- Category: Local Area Guide
- Last Updated: Wednesday, 11 May 2011 10:17
- Published: Thursday, 28 April 2011 01:48
- Written by Lee-Ann Khoh
Historical, yet youthful. South Perth is an affluent riverside suburb in Perth with significant ties to the city’s past while being simultaneously blessed with modern attractions. On the northern edge of South Perth lies Perth Water, a section of the Swan River between the Narrows Bridge and the Causeway traffic crossings.
South Perth’s beautiful green parks, foreshore location and accessible pathways make it a popular spot for exercise and recreation. Crowds also gather along the South Perth foreshore to view the fireworks on Australia Day each year.
Just 3km from Perth’s central business district, South Perth is well serviced by public transport, with Transperth running buses and a ferry from Perth. Once you’re in South Perth, its main drawcards are within walking distance, and there are signs to help you find your way.
As you walk, run or cycle along South Perth Esplanade and through Sir James Mitchell Park, be sure to take in the stunning backdrop of the Swan River with the Perth skyline in the distance. If you want to get out on the water, there is a designated area of the river near the Narrows Bridge for motorised water sports such as waterskiing and jet skiing.
You can also hire a catamaran from Funcats, located at the Coode Street Jetty, and go sailing. Back on the shore, you can enjoy a barbeque or picnic on the pristine grass and admire the river and manmade lakes. There are playgrounds to keep the kids occupied too.
If you head up along Mends Street, you’ll get a glimpse of South Perth’s trendy cosmopolitan side with the bustling café strip. Cafés and restaurants, including the popular Mends Street Café and Atomic Café, and various international cuisines, line the area.
Why not drop in for a tasty meal or snack? This is South Perth's main café strip and it lies within easy reach of the foreshore (Just up the road from where the ferry docks!) and on the way to Perth Zoo.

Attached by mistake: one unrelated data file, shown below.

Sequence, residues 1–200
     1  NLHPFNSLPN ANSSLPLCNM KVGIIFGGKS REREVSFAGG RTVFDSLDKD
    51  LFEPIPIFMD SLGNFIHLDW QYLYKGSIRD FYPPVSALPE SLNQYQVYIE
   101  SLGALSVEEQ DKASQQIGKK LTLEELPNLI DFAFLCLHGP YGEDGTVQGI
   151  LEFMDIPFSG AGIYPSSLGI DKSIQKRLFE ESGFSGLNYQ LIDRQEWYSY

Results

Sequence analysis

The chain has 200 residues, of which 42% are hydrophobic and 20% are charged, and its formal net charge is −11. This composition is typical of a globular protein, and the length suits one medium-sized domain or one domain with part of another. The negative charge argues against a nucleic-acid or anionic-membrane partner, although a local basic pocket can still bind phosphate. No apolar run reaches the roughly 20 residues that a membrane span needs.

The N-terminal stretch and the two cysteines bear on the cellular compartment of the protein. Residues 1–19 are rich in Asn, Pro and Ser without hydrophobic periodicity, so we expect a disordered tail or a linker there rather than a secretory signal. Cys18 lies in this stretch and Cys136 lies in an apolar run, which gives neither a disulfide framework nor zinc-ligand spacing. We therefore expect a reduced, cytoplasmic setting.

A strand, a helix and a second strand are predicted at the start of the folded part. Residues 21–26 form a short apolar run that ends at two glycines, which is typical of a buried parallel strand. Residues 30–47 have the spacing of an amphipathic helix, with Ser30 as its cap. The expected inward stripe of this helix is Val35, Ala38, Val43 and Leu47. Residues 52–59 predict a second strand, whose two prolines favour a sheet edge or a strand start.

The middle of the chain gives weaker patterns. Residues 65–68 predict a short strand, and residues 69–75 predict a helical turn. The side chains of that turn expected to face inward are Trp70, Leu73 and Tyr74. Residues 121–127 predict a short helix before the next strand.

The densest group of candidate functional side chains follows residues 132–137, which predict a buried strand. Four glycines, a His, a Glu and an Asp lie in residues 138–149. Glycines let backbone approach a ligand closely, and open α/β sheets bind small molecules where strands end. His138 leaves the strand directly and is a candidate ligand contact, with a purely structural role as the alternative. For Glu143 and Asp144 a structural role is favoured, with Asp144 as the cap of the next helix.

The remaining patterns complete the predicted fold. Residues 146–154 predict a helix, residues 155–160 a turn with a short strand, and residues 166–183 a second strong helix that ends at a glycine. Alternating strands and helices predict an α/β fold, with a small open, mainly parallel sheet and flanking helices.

Perth Zoo opened in 1898 and not been closed for a single day since. Today it is one of Perth’s greatest tourist attractions, providing a fun day out for locals and visitors alike. Perth Zoo has also developed a strong reputation for its conservation efforts, dedicated to the ongoing protection of native and exotic animals and plants.
The three main sections of Perth Zoo are the Australian Walkabout, African Savannah, and Asian Rainforest, but its exhibits cover a diverse range of species from all around the world, with each exhibit designed to replicate the animal’s natural habitat as much as possible. You can easily spend a full day at Perth Zoo and it is an enjoyable and educational experience for young and old.
The South Perth area was predominantly used for farming after the establishment of the Swan River Colony, and one of the remnants of this is the Old Mill at Point Belches (now commonly referred to as Mill Point) on the South Perth Esplanade.
Also known as Shenton’s Mill, it was designed by engineer William Kernot Shenton and built by Paul Lockyer, operating from 1835 to 1859. The heritage listed Old Mill was restored in 1994 and now serves as a folk museum, preserving a key aspect of our colonial history.
Situated on the corner of Mends Street and Mill Point Road is the Old Mill Theatre, a small community theatre operating in what used to be the Mechanics Institute Hall back in the 19th century.
The building was bought by the South Perth council in 1913 and was transformed into a theatre years later, celebrating its 60th anniversary in 2009. The actors, directors and crew are all volunteers, putting on productions for the love of the craft.
How to get to South Perth
The easiest way to get to South Perth is to catch a ferry from Barrack Street Jetty in Perth to Mends Street Jetty. Alternatively, you can catch the 34 bus route (Perth to Cannington) from Esplanade Busport or Wellington Street Bus Station.